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Persistence is key

Juggling work and school was not easy but Petrine Chua talks about how choosing MDIS ensured that her efforts paid off.

By Joyce Lin

Last November, 28-year-old Petrine Chua graduated with a Bachelor of Science (Honours) degree in Marketing from Management Development Institute of Singapore (MDIS), awarded by UK-based University of Bradford. Yet eight years ago, Petrine was doing something entirely different from marketing.

Upon graduation from Ngee Ann Polytechnic with a diploma in Real Estate and Property Management, she worked as a property executive, liaising with contractors, tenants and property owners to ensure the proper management of a building. Fast forward to a few years later and Petrine had made a career switch to sales in a video conferencing company. Her current job as an account manager requires her to ensure customer satisfaction and renewals of the contracts her company has secured.

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Home away from home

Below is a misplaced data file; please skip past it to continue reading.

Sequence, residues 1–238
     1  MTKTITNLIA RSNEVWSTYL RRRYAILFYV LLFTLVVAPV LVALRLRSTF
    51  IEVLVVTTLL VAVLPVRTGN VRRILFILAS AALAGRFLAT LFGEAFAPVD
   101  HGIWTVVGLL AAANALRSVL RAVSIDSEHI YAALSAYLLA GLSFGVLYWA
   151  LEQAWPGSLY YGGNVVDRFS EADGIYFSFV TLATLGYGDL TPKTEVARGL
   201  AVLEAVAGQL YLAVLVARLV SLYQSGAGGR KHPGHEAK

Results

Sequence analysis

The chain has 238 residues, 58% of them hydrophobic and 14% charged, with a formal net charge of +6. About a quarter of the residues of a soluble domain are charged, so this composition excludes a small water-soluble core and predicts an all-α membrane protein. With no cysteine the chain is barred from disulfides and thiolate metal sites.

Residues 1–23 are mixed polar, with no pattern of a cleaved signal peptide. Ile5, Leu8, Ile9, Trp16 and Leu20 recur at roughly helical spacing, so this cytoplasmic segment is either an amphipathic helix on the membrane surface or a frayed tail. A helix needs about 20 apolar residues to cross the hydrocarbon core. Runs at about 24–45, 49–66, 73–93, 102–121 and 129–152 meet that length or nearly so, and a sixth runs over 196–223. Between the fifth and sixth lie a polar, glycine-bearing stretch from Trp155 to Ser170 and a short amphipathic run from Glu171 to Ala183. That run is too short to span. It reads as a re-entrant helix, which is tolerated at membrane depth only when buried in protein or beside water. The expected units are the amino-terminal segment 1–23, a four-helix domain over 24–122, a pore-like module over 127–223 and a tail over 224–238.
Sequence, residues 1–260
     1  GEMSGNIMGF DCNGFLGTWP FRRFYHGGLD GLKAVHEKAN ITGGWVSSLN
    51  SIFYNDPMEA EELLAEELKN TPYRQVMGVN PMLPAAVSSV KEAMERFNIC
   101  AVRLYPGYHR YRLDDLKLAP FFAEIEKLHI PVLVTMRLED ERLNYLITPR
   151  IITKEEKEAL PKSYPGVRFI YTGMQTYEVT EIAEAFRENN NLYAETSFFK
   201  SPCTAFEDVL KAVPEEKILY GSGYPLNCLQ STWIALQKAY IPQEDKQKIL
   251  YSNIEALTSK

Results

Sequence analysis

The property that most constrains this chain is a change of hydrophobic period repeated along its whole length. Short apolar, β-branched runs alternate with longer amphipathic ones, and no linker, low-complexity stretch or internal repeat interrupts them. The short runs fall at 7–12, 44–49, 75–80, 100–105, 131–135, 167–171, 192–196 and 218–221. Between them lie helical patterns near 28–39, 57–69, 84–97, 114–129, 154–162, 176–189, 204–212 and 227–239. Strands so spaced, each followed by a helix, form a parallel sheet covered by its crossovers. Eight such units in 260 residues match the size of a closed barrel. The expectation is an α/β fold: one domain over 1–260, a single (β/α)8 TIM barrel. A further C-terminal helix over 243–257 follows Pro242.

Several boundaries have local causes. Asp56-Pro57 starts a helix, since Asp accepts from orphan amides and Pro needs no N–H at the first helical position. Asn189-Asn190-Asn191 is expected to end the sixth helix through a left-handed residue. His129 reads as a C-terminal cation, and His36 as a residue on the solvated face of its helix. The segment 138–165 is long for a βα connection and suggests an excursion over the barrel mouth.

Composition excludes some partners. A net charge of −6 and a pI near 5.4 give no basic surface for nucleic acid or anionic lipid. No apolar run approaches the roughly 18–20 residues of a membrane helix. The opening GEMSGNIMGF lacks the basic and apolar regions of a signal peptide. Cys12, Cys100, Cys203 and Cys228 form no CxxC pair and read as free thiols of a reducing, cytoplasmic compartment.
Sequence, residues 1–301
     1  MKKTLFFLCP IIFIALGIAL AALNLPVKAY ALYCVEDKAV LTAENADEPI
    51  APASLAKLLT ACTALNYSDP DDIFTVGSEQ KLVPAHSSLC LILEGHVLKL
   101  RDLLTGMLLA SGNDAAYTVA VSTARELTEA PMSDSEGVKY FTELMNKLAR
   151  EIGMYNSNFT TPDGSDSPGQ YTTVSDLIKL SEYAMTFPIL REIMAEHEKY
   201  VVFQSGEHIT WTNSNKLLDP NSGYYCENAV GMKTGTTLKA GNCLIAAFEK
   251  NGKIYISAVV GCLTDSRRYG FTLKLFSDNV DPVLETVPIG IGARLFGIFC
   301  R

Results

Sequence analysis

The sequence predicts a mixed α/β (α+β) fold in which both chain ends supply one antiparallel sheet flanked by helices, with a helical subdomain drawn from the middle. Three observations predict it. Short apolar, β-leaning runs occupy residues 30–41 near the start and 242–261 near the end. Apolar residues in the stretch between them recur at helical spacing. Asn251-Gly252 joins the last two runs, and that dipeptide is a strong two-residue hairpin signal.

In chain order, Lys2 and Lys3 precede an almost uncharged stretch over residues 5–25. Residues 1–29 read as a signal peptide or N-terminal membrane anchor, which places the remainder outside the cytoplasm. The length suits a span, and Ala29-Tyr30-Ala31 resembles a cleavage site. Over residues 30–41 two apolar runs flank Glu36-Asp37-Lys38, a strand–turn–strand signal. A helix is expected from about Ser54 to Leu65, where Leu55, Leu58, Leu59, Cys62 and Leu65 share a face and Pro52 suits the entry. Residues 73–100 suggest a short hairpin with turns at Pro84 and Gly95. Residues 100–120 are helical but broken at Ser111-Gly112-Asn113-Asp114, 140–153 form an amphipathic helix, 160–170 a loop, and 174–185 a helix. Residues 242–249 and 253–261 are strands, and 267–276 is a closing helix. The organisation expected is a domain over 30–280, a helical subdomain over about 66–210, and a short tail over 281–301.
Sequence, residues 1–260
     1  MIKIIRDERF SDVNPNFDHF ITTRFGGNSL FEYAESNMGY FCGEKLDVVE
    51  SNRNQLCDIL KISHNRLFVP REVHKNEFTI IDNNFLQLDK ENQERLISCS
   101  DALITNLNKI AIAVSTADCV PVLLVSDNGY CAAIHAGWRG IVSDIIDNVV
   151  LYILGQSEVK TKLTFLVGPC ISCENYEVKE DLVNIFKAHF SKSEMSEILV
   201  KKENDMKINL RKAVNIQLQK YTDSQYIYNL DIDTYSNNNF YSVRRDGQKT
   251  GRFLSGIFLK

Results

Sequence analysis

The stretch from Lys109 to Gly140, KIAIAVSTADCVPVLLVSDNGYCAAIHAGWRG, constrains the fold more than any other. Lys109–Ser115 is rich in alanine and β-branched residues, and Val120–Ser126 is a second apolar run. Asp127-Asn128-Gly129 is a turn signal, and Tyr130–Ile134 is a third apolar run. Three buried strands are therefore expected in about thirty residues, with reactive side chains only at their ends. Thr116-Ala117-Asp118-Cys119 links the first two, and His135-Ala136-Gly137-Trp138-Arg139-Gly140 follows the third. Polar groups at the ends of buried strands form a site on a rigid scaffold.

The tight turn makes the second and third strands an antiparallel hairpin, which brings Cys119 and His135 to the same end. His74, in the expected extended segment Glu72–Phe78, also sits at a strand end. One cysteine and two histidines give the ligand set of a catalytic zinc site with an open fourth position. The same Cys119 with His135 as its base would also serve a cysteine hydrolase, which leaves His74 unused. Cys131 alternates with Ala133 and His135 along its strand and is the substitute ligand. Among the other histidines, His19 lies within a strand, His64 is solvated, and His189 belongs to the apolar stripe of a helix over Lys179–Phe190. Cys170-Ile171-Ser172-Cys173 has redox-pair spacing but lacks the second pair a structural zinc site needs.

Though the challenges were many, the close-knit rapport between faculty members and students went a long way in ensuring that Ivah Sugiarti secured her string of distinctions at the private educational organisation of her choice.

By Prasana Chandran

It may seem like an odd decision to many but halfway through her polytechnic education in 2005, Ivah Sugiarti decided to transfer to TMC, a private educational organisation, to pursue a course of study that lead to a Mass Communication degree. Upon further consideration however, one will realise that the Technology Management and Communication (TMC) Educational Group is partners with a host of top universities both in Australia and the United Kingdom.

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Doing It The British Way

There is a lot more to an international study experience, as two Singaporeans Chan Xin Hui and Chan Cheong Shuen discover during their UK education.

By Cheryl Tay

Going abroad to study has always been viewed as a prestigious opportunity for the rich or the smart. Concerns like overseas living expenses, adaptation to a new culture and potential communication barriers are typical of an overseas education.